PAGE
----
…one of my great scribbling pals is Lockie Young… not only does he pen extremely well, but he also has a lesson for me, and I suspect for more than a few of the rest of we Lads and Lassies of Blog Land… an indomitable spirit, and a deadpan sense of humour to match… read on…
As I look at the blinking cursor on the screen of my monitor, I adjust my new to me office chair so it is just so. My right leg, with the prosthetic on it, is stretched out in front of me under the desk because I still can’t sit with it at right angles to the seat. My thigh is too fat to allow this once normal and seldom thought of position, due to the extra fifty pounds of weight I put on while I was flat on my back in the hospital. My hospital stay was almost four months longer than the estimated five to seven days my doctor first predicted, because the routine operation, that had a ninety-five percent success rate, was in fact a fail of epic proportions and not as a result of a slip in the O. R. like you might expect. A rare allergic reaction to a commonly used drug turned my blood volume to jelly and both legs died due to lack of blood flow.
The miracle happened when the doctors restored the flow for the stream of life giving fluid and both limbs were saved, well that is to say the right leg had a short time to remain a part of me while my body fought for life. In the end, I would have another course of operations and procedures in an attempt to save the leg, but the final result would be an amputation.
I suspect some of you reading this might be thinking how awful, or feel in some way sympathetic to my plight, but the fact is I am grateful to be alive, and at the same time in awe of my body’s amazing ability to adapt to the assault, and at the same time initiate the process of rerouting blood vessels and nerves and detoxifying and rescuing vital organs. Of course the doctors helped too. I would be a fool if I thought I did it all on my own, but that’s not why I’m writing this piece.
Now that I have brought you all up to speed, I wanted to give you an intimate guided tour of the life of an amputee. Losing a limb, or part of a limb is not new. In fact, people have been losing body parts since time began. Of course, in the early days, most folks died. End of story. Oh, compound fracture…dead. Oh, splinter in your foot got infected…dead. It was just a fact of life in a pre medicinal world. Once we learned we could safely remove diseased parts and organs, life expectancy started getting a lot longer. So fast forward through all the icky parts, past the long days of healing and recovering, to the day I am being prepared for and fitted for a device.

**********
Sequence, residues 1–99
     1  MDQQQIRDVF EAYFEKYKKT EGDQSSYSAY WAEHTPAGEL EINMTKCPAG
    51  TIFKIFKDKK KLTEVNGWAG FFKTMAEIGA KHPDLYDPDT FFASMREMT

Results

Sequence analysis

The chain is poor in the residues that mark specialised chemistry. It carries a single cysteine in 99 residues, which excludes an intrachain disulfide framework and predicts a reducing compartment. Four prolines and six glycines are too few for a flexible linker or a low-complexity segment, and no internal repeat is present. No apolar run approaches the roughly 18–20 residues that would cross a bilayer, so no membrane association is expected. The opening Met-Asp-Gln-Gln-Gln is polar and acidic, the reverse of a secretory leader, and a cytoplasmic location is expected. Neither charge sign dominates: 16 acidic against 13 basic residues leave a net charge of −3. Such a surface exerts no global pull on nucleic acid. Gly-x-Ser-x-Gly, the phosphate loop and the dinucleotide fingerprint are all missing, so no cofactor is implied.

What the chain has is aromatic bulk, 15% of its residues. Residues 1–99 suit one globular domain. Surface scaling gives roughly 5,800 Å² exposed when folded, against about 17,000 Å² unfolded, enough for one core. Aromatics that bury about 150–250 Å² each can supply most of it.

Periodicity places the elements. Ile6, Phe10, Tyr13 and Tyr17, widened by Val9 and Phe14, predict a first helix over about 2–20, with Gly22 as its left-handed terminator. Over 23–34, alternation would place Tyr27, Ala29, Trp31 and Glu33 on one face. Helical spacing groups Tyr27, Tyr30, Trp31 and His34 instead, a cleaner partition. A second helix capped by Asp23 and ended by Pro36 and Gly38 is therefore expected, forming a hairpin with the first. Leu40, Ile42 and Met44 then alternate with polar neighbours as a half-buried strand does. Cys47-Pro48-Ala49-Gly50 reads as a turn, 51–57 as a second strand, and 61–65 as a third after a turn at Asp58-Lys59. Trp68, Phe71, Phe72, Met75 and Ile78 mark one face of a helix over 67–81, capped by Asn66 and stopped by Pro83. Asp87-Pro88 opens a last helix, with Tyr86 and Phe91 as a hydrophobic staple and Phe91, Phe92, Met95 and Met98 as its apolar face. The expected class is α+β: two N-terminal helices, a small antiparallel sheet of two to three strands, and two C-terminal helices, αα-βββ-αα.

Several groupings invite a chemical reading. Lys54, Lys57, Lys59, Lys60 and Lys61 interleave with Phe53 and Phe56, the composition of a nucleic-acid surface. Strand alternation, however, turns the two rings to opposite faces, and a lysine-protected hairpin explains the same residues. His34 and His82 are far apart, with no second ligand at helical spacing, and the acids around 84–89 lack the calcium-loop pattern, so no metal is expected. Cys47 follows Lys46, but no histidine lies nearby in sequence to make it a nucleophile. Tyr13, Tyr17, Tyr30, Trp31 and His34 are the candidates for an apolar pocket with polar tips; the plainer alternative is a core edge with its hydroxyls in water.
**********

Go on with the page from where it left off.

You there in the back row! Get your mind out of the gutter. I’m talking about a prosthetic device. Firstly it must be looked on as an assistive tool and nothing more. Prosthetic devices are as varied as the injury itself. From artificial hands or feet, to complete legs and arms, these devices have grown in sophistication through the years. Remember reading about Black Beard the Pirate, or watching a movie about pirates? There was sure to be a wooden legged, hook handed pirate in there someplace. That was old school prosthetics. Now, these devices are made of titanium for its strength, and aluminium for its light weight properties, and electronics in some cases, that actually have computer brains at their core to make them operate as close as possible to the real limb or hand or foot.
In my case, before I was forced into this life detour, I would have questions if I saw someone with an artificial hand, or if I met someone with an artificial leg. I would wonder how they put that thing on, what in the world held it on, and how did they manage in their day to day lives. But I would never ask. I was much too embarrassed to ask to have a look at something so personal. The truth is, and this might be just my opinion although I suspect not; I would have no problem now or at any time showing someone how this leg stays on. In fact my family is likely bored to tears by now with me explaining the how’s and why’s to anyone who will listen. That’s why I am writing this personal essay, to let you into my personal space, just for a little while.